### CS2223 Algorithms Homework 6 - D Term 2008

#### PROF. CAROLINA RUIZ

Due Date: Wednesday April 23, 2008 at 1:00 PM
See course policy regarding late homework submissions

• Homework Instructions:
• Read Chapter 6 of the textbook in detail.
• See Useful logarithm and exponential facts.
• This is an individual homework. No collaboration is allowed.
• Submit a hardcopy of your written homework solutions to the box marked CS2223 in the CS office (FL233) before the deadline.
• See the course webpage for the late homework submission policy.

• Homework Problems:

1. (50 Points) Problem 1. Consider the problem of finding the length of the longest (strictly) decreasing subsequence in a given sequence For instance, if the input sequence is:
```  7  3  4  9  2  8  4  5  2  1  6  3  10
```
then the length of the longest decreasing subsequence in this sequence is: 5, and in this case there are two such maximal subsequences:
```  9  8  5  2  1

9  8  4  2  1
```
The input-output description of this problem is:

Input: A sequence S = a1,a2,...,an (you can assume that the sequence is stored in an array) of length n, where each ai is a real number.

Output: Your pseudo-code should print the following output:

1. The length L of the longest strictly decreasing subsequence in S, and
2. The longest (length = L) strictly decreasing subsequence in S (or one of them, if more than one exists).

Solve this problem following the steps below.

1. (12 Points) Dynamic Programming Solution. Design a dynamic programming solution to this problem. Explain in detail how you plan to divide this problem into subproblems, in what order you plan to solve the subproblems so that the solutions to smaller subproblems are available to larger subproblems, and how you plan to use the solutions of these subproblems to produce a solution to the original problem.

2. (12 Points) Algorithm. Write a dynamic programming algorithm (in detailed pseudo-code) implementing the solution you designed above.

3. (13 Points) Correctness. Prove in detail that your algorithm is correct with respect to the input-output specification above.

4. (13 Points) Time Complexity. Analyze in detail the runtime T(n) of your algorithm. Remember to explicitly state what the size of the input is. Find the tightest asymptotic upper bound g(n) for T(n) you can, so that T(n) = O(g(n)).

2. (50 Points) Problem 2. Consider the problem of finding paths in a grid. For that, imagine that you're in a city where avenues (vertical lines) and streets (horizontal lines) form a perfect grid. Imagine that you're located at the origin of the grid, that is at the intersection of avenue 0 and street 0: (0,0), which is the south-west corner of the city. Given a pair (n,m) denoting the intersection of avenue n with street m, you need to determine how many different paths exist between your current position (0,0) and (n,m).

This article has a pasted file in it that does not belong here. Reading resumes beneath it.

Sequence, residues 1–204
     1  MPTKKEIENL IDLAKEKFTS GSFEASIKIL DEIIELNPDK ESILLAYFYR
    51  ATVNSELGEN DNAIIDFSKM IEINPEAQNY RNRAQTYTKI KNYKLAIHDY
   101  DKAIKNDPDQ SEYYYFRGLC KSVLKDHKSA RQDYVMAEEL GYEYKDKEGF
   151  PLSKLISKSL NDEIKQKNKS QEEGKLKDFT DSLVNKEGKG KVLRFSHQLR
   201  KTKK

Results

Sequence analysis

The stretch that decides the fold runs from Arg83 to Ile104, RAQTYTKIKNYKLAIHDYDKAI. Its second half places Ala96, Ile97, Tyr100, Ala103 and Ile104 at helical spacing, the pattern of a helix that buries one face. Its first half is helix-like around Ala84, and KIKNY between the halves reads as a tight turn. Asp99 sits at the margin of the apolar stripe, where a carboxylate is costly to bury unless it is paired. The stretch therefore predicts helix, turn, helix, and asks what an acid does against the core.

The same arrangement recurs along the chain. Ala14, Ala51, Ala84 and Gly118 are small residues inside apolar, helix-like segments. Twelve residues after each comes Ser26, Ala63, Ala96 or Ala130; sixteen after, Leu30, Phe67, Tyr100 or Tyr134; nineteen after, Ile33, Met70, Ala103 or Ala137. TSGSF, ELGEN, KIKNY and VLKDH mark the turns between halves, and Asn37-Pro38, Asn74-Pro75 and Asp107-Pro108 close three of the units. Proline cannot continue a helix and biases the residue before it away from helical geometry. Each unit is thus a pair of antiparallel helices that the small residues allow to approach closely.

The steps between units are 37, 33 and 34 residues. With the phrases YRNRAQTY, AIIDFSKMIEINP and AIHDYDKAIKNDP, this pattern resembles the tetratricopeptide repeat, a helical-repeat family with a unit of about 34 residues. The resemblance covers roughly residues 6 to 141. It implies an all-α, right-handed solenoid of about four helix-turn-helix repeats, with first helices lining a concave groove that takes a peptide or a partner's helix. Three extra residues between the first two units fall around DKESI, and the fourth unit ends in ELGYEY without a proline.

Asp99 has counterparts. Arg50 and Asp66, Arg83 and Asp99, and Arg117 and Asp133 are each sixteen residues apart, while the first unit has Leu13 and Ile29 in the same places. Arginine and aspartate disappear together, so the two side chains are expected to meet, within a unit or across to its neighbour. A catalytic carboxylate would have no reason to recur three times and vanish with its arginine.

A path from (0,0) to (n,m) is a sequence (0,0)=(a0,b0),(a1,b1),(a2,b2),...,(ak,bk)=(n,m) satisfying the following constraints:

1. You can only walk one block to the east (right) or one block to the north (up) at a time, and only on the avenues and on the streets (no diagonal moves allowed). For instance, a possible path to go from (0,0) to (2,3) is: (0,0), (0,1), (1,1), (1,2), (1,3), (2,3). The sequence (0,0), (1,1), (2,2), (2,3) is NOT a valid path, because it "cuts corners", and the sequence (0,0),(2,0),(2,3) is NOT a valid path because it skips intersections. Hence, for every i < k in the path:

• a(i+1) = ai + 1 and b(i+1) = bi, (walking one block east) or
• a(i+1) = ai and b(i+1) = bi + 1 (walking one block north).

2. You cannot walk east of avenue n or north of street m. In other words, ai ≤ n and bi ≤ m, for all ai, bi with i ≤ k.

Assume that there is exactly one path to go from a grid position to itself. The input-output description of this problem is:

Input: Two integers n and m, with n ≥ 0, m ≥ 0.

Output: The total number of different paths on the grid from (0,0) to (n,m) satisfying the two constraints above.

Solve this problem following the steps below.

1. (12 Points) Dynamic Programming Solution. Design a dynamic programming solution to this problem. Explain in detail how you plan to divide this problem into subproblems, in what order you plan to solve the subproblems so that the solutions to smaller subproblems are available to larger subproblems, and how you plan to use the solutions of these subproblems to produce a solution to the original problem.

2. (12 Points) Algorithm. Write a dynamic programming algorithm (in detailed pseudo-code) implementing the solution you designed above.

3. (13 Points) Correctness. Prove in detail that your algorithm is correct with respect to the input-output specification above.

4. (13 Points) Time Complexity. Analyze in detail the runtime T(n,m) of your algorithm. Remember to explicitly state what the size of the input is. Find the tightest asymptotic upper bound g(n,m) for T(n,m) you can, so that T(n,m) = O(g(n,m)).